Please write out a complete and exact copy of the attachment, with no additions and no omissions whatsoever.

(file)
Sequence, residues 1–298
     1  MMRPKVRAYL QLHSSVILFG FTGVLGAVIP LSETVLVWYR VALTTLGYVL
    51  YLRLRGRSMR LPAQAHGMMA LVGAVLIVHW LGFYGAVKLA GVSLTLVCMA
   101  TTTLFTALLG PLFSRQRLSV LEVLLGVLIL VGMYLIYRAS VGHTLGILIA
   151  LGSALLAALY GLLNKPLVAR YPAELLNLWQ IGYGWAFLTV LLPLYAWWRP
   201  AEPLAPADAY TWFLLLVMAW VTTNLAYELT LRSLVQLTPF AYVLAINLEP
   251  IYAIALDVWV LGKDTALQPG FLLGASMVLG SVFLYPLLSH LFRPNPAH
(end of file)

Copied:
Sequence, residues 1–298
     1  MMRPKVRAYL QLHSSVILFG FTGVLGAVIP LSETVLVWYR VALTTLGYVL
    51  YLRLRGRSMR LPAQAHGMMA LVGAVLIVHW LGFYGAVKLA GVSLTLVCMA
   101  TTTLFTALLG PLFSRQRLSV LEVLLGVLIL VGMYLIYRAS VGHTLGILIA
   151  LGSALLAALY GLLNKPLVAR YPAELLNLWQ IGYGWAFLTV LLPLYAWWRP
   201  AEPLAPADAY TWFLLLVMAW VTTNLAYELT LRSLVQLTPF AYVLAINLEP
   251  IYAIALDVWV LGKDTALQPG FLLGASMVLG SVFLYPLLSH LFRPNPAH